Saturday, May 03, 2008

Deplin

see also Deplin Testimonial for a report on Deplin from a patient with multiple sclerosis

The PamLab drug rep is moderately annoying. I hate to think that the messenger would affect my interest in the message, but, alas, it did for months. He finally staged a lunch 'n learn,* but also, much more importantly, he brought in an article by Dr. Stephen Stahl that caught my attention big-time.

Dr. Stahl is Dr. Psychopharmocology. He literally wrote "The Book" also known as Essential Psychopharmocology. If ever you suspected that the use of psychoactive drugs is a lot of baseless hooey, check out this tome.

Unfortunately, this world is a fast-paced one that demands more attention, energy, and multi-tasking than many can manage. As a result, there's a lot of overwhelm and depression going around. One could only wish that antidepressants were unnecessary, but a lot of people struggle to get a grip on their mood while being bombarded with the pressures of modern life. As a result, these drugs can be lifesavers, or at least change surviving into thriving.

That said, antidepressant medications aren't perfect. In many cases, some relief is obtained, but it's either not enough or marred by the side effects of the drugs. So patients find themselves limping along with ongoing fatigue, inertia, decreased concentration, or other symptoms that impair their quality of life.

The search continues, therefore, for 'augmenting agents' that improve response to antidepressants. Enter Deplin, billed as a 'medical food' which falls somewhere between food and drugs per the Food and Drug Administration who will soon need to change their name to the Food, Medical Food, and Drug Administration. Per them, Deplin aka L-methylfolate--an active form of folate--is so classified because it is:

...intended for the specific dietary management of a disease or condition for which distinctive nutritional requirements, based on recognized scientific principles, are established by medical evaluation.(1)

Now how good is this?!? A new drug, er medical food, that's a glorified vitamin, that has great science behind it for the treatment of depression which is at least half my practice. And being a child of the '60s, always willing to pop a pill to alter mood, I've tried this product myself, and I'm impressed with the results after just a few days of use. But this post is long enough, check out methylfolate and depression for more information on how Deplin works.
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*And lunch was a Subway sandwich on a stale roll and a liter of Diet Pepsi. After the luncheon, he left but hurried back in to grab the leftover pop. So don't think he bought my interest with a fancy meal!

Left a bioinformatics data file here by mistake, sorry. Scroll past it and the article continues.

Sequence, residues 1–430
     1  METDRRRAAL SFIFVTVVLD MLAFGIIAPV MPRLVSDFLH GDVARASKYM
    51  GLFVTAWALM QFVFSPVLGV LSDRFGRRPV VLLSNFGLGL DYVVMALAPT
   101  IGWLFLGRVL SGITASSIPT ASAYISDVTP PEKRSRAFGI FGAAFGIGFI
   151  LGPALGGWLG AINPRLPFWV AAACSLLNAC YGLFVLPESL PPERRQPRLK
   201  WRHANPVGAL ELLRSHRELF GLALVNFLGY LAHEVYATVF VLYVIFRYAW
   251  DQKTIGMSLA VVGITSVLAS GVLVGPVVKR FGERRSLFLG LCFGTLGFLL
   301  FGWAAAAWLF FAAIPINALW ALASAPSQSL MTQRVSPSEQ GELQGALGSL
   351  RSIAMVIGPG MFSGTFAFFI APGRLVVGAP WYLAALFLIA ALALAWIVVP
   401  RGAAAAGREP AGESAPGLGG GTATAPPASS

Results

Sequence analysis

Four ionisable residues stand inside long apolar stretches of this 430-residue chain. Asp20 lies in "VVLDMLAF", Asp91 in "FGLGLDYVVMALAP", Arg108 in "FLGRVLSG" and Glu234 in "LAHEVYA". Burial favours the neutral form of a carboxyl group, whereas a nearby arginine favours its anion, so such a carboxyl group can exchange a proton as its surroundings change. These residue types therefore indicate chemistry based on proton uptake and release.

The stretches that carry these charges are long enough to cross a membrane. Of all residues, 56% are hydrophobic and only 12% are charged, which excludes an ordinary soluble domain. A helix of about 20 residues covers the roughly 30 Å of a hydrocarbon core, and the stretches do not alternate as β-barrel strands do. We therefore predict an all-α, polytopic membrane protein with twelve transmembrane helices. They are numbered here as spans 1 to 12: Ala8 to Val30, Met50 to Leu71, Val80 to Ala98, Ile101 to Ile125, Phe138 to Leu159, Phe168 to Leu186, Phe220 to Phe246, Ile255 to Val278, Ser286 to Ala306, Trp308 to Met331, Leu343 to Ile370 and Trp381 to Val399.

(1)Food and Drug Administration/Center for Food Safety and Applied Nutrition. Food Safety and Applied Nutrition, Medical Foods. Available at: http://www.cfsan.fda.gov/~dms/medfguid.html.

8 comments:

JeanMac said...

Such an interesting post - when I read the luncheon note, I dwelled on his doing that more than the content of your post(sorry). How to make an impression - your original dislike appears to be well founded.

Anonymous said...

is deplin okay for kids?

femail doc said...

Anon: I don't know. It's a pretty big dose, although it should be non-toxic. Better ask your pediatrician.

'Lil Red said...

So why is this only available via Rx if it's 'just a vitamin'?

Anonymous said...

Any research about Deplin WITHOUT antidepressants as a treatment for some MS symptoms--neuropathy--cognitive--energy--etc.?

femail doc said...

Lil Red: The dose is quite hefty, I guess the FDA judged that too high for OTC judgment.

Anon: I have two patients with MS on Deplin without antidepressants; the effect on their fatigue levels is notable. I mentioned it to the PamLab rep who did not report any specific research to support this but there is other anecdotal evidence to support this use of the product.

Anonymous said...

Deplin is not tested or approved for children.

Michael Ditto said...

It makes an almost immediate difference for me, just a day or two. And when I run out, I notice the difference just as quickly. I wish it were covered by insurance, I just can't afford it!